Social norms urgently need to change with respect to gender violence. So long as boys and men believe that it is acceptable to inflict sexual violence on girls and young women, very little — if any — progress will be made with respect to reproductive choice and the economic empowerment of women.

If social norms can be changed, and if the World Bank takes a leading role in helping to make that possible, the goal of eliminating severe poverty and hunger in the world may yet be realized. When girls receive the same education as boys, the productivity of the country’s workforce takes a giant leap forward. When girls and women are able to decide — free from male dictates or coercion — the spacing and number of their children, they generally choose to have smaller families. With family planning, maternal and infant mortality decline, child nutrition improves, educational attainment levels rise, and the stage is set for rapid economic advancement. The “demographic dividend,” as economists and demographers describe it, is a time-tested development strategy that contributed to the economic breakthroughs achieved by the emerging economies of Asia and Latin America.

There will always be a need and a role for economic infrastructure improvements, but unless the World Bank and the broader international donor community realize the “human capital” potential of girls and women, the economic potential of many developing countries will remain untapped.

The realization of “voice and agency” for girls and women is not just a moral imperative, it’s an economic one, and the World Bank, it appears, is taking that imperative seriously.

Posted by Robert Walker, President

Originally posted on the Huffington Post on June 25, 2014

Every Two Minutes

May 9th, 2014

This week the World Health Organization (WHO), the United Nations Children’s Fund (UNICEF), the United Nations Population Fund (UNFPA), the World Bank and the UN released a report with the maternal mortality numbers for 2013. The good news is that maternal deaths are down 45% since 1990, dropping from 523,000 in 1990 to an estimated 289,000 in 2013. Even with the decline, however, a woman dies every two minutes due to complications from pregnancy or childbirth, mostly from preventable causes.

There are large disparities in maternal deaths between countries and regions, with 99 percent of maternal deaths taking place in the developing world. Sixty percent of all maternal deaths occur in just 10 countries: India, Nigeria, the Democratic Republic of the Congo, Ethiopia, Indonesia, Pakistan, Tanzania, Kenya, China, and Uganda. The riskiest region in the world to give birth is sub-Saharan Africa. Chad and Somalia have the highest lifetime risk of maternal death due to pregnancy or childbirth-related cause: in Chad a woman has a 1 in 15 lifetime risk and in Somalia a woman has 1 in 18 lifetime risk.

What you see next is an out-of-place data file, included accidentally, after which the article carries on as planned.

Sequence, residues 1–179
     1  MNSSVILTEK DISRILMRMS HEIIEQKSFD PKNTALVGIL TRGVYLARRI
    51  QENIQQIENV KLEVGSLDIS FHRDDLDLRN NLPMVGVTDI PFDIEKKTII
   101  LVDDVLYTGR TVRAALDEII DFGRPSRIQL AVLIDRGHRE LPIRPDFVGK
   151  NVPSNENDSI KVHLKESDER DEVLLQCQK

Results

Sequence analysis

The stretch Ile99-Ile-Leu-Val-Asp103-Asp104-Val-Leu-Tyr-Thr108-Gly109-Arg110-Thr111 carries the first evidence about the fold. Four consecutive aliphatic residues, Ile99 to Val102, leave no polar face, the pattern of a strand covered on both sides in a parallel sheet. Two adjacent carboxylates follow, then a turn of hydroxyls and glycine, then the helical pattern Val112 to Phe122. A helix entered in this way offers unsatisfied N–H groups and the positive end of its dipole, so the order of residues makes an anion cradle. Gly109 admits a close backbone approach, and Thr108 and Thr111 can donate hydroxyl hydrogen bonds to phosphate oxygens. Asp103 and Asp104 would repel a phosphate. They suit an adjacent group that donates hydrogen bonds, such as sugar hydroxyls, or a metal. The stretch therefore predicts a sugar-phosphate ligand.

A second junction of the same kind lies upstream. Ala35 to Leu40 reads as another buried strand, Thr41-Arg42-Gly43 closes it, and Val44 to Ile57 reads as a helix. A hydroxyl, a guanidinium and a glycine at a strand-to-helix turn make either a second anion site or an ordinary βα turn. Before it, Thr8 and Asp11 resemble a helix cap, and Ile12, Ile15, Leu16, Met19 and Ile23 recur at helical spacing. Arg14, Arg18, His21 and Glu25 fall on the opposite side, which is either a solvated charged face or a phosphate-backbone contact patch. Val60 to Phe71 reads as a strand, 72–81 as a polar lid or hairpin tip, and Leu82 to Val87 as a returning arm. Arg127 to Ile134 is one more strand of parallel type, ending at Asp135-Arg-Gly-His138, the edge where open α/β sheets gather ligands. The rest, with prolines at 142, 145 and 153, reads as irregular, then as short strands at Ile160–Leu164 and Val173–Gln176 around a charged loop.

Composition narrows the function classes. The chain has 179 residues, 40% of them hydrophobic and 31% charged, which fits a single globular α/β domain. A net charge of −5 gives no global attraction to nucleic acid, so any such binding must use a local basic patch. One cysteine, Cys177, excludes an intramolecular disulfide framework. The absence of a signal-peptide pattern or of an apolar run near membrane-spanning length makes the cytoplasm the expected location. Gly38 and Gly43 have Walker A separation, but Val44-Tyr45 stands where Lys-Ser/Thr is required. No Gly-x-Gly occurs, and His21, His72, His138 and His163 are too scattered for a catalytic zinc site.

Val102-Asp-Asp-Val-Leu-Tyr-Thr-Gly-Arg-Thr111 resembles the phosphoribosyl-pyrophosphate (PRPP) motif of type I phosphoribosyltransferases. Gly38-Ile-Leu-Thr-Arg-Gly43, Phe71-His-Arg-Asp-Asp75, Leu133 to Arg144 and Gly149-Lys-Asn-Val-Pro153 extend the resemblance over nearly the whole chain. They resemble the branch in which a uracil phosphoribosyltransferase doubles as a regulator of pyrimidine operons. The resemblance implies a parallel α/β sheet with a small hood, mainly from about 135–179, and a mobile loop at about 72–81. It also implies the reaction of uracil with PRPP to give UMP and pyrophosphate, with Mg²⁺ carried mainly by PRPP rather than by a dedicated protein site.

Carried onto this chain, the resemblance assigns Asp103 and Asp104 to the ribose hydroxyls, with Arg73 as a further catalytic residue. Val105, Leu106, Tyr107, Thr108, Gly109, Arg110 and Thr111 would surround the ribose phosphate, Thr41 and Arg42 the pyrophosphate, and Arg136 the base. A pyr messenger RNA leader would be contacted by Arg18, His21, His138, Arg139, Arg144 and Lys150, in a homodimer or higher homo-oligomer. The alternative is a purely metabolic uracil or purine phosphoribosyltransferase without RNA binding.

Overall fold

Eleven countries that had high maternal mortality in 1990 reached their MDG target of reducing maternal mortality by 75 percent. Those countries are Bhutan, Cambodia, Cabo Verde, Equatorial Guinea, Eritrea, Laos, Maldives, Nepal, Romania, Rwanda, and Timor-Leste. While many countries are not on track to meet their MDG target, since 2003 the maternal mortality rate has increased in only eight countries.

 
Unfortunately the United States is one of those eight countries, along with Afghanistan, Belize, El Salvador, Guinea-Bissau, Greece, Seychelles, and South Sudan. In 2013 18.5 women died per 100,000 births in the United States, whereas in 1990 the number was 12.4.

 
The best news is that we know what needs to be done to save more lives. We need to ensure that girls are allowed to stay in school and be girls, not brides. Right now 15 million girls aged 15-19 give birth every year, and there is a much higher risk of death and injury associated with adolescent pregnancy. Next, we need to ensure that young people are given comprehensive sex education, that more skilled birth attendants are trained, and that they have access to the equipment and medicine needed for a safe delivery. With abortion complications accounting for eight percent of maternal deaths, women also need to be able to access safe abortion care. Finally women and girls need access to family planning services. Right now there are 222 million women in the world who would like to avoid a pregnancy, but are not using modern contraception. If their need for family planning services and information were met it would prevent 79,000 maternal deaths.

 
This Mother’s day I will be joining the world in celebrating our mothers, and I will be thanking my mom, in particular, for always being there for me and teaching me the importance of giving back. But I will also be thinking of the 800 women who will die on Mother’s Day from complications related to pregnancy or childbirth, and how those many of those lives could have been saved.

 
Posted by Jennie Wetter, Director of Public Policy

Teen Pregnancy Rate Reaches Historic Low

May 6th, 2014

Happy Teen Pregnancy Prevention Month! The month kicks off with great news from the Guttmacher Institute: the teen pregnancy rate has continued to drop, reaching a historic low in 2010, the most recent year for which data are available. The Guttmacher Institute’s new report indicates that the teen pregnancy rate has fallen in every state and among all racial and ethnic groups, and at the same time the teen birth and abortion rates have continued to drop as well.

The teen pregnancy numbers for 2010 show that the teen pregnancy rate has dropped 51% from the high in 1990 and by 15% from 2008, with 18-19 year olds making up the majority (69%) of the teen pregnancies. Along with the decline in the teen pregnancy rate, the teen birthrate has also fallen 44% from the peak in 1991 and the teen abortion rate has dropped 66% from the peak in 1988.